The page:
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Effect of liver x receptor target genes Apolipoprotein E and ATP-binding cassette transporter A1 on beta-amyloid dependent pathology in Alzheimer's disease model mice

Carter, Alexis (2017) Effect of liver x receptor target genes Apolipoprotein E and ATP-binding cassette transporter A1 on beta-amyloid dependent pathology in Alzheimer's disease model mice. Doctoral Dissertation, University of Pittsburgh. (Unpublished)

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Alzheimer’s disease (AD) is a progressive neurodegenerative disorder that overtime interferes with daily tasks. Late-onset Alzheimer’s disease (LOAD) is a multifactorial disease with a combination of genetic and environmental risk factors. The APOEε4 allele of Apolipoprotein E (APOE) is the major genetic risk factor for LOAD. However, APOEε3 patients still account for the majority of LOAD cases, suggesting additional genetic, environmental, and lifestyle factors as risk modifiers.
We examined the effect of high-fat diet (HFD) and liver x receptor (LXR) agonist T0901317 (T0) in representative mouse models of AD phenotype. LXRs regulate cholesterol and lipoprotein metabolism. ATP-binding cassette transporter A1 (ABCA1) and APOE are major LXR target genes involved in lipid and cholesterol generation and transport and are implicated in AD pathology. We determined that Abca1ko mice have cognitive deficits. Lack of ABCA1 impaired neurite morphology in the CA1 region of the hippocampus. We then examined the effect of HFD on memory deficits and microglia morphology in AD model mice expressing either mouse Apoe or human APOE isoforms. HFD exacerbated cognitive deficits in APP23 mice. Microglia morphology resembled activation state in HFD fed female APOE4 mice, suggesting differential response to diet. Lastly, we examined the effects of T0 on the phenotype and transcriptome of APP/E3 and APP/E4 Abca1 haplo-deficient mice, revealing the ability of T0 to ameliorate APOE4-driven pathological phenotype.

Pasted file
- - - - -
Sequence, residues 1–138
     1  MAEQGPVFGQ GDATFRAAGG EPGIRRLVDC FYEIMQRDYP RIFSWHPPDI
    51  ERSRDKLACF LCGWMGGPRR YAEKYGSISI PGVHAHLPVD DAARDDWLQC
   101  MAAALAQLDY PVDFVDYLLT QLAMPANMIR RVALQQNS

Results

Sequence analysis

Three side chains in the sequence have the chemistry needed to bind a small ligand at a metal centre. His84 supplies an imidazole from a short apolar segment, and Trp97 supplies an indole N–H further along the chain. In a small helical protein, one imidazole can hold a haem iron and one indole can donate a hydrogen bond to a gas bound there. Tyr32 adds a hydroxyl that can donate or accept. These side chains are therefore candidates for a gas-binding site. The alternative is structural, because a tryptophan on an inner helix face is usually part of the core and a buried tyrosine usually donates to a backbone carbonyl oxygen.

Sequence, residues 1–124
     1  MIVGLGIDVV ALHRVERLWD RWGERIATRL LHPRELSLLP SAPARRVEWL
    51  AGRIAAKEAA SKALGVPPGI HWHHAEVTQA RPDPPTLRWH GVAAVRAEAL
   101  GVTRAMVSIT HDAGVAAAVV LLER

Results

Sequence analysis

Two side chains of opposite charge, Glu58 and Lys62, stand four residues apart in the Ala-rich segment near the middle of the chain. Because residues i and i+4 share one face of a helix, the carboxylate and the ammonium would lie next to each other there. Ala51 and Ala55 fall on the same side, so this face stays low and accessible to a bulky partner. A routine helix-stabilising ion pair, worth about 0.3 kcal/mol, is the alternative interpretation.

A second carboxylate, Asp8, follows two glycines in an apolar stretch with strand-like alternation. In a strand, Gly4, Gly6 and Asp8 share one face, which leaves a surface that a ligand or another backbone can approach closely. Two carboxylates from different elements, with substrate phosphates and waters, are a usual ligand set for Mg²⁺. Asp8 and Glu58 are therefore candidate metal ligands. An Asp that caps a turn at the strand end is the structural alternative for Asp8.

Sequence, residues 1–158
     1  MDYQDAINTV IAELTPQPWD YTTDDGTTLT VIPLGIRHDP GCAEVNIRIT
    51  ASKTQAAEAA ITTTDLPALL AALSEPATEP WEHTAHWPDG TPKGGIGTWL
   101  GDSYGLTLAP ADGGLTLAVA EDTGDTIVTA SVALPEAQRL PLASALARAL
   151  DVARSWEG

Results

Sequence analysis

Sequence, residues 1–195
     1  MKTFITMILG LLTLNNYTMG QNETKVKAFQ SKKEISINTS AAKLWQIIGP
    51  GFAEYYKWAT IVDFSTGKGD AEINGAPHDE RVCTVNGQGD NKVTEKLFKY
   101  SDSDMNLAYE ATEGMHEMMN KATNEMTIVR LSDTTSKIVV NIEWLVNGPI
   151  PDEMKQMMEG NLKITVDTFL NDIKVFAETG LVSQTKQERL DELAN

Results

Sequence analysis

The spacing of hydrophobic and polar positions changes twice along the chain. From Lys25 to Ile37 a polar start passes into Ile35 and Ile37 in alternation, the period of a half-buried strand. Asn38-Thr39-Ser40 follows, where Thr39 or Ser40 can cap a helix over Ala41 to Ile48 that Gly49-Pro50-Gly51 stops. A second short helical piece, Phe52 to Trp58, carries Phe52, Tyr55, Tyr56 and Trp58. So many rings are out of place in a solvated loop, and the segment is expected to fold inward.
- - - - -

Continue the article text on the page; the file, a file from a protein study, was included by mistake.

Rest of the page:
These findings suggest that disturbances in cholesterol metabolism may negatively impact AD-related patholoy, HFD exacerbates AD-related pathology, and that T0 treatment ameliorates APOE4-induced AD pathogenesis. These results could have clinical implications on lifestyle or dietary and pharmacological interventions for AD patients. The public health significance of this research supports efforts in developing primary prevention techniques, with the end goal of inhibiting or delaying disease onset, AD-related pathology, and promoting healthy brain aging. Targeting the LXR-ABCA1-APOE regulatory axis could be an effective therapy for individuals at risk of dementia and to treat AD patients regardless of APOE genotype. Further developing studies that better assess cholesterol metabolism genes in AD pathology are essential for modifying guidelines and therapies for those at risk of dementia.


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Item Type: University of Pittsburgh ETD
Status: Unpublished
CreatorsEmailPitt UsernameORCID
Carter, Alexisalexisc@pitt.edualexisc
ETD Committee:
TitleMemberEmail AddressPitt UsernameORCID
Committee ChairSt. Croix,
Thesis AdvisorKoldamova,
Committee MemberLefterov,
Committee MemberDemirci, Yesim
Committee MemberDefranco,
Date: 24 February 2017
Date Type: Publication
Defense Date: 5 December 2016
Approval Date: 24 February 2017
Submission Date: 28 November 2016
Access Restriction: 3 year -- Restrict access to University of Pittsburgh for a period of 3 years.
Number of Pages: 133
Institution: University of Pittsburgh
Schools and Programs: School of Public Health > Environmental and Occupational Health
Degree: PhD - Doctor of Philosophy
Thesis Type: Doctoral Dissertation
Refereed: Yes
Uncontrolled Keywords: Alzheimer's disease, Apolipoprotein E, ATP-binding cassette transporter A1, High density lipoproteins, Novel Object Recognition
Date Deposited: 24 Feb 2017 19:15
Last Modified: 19 Jul 2024 19:40


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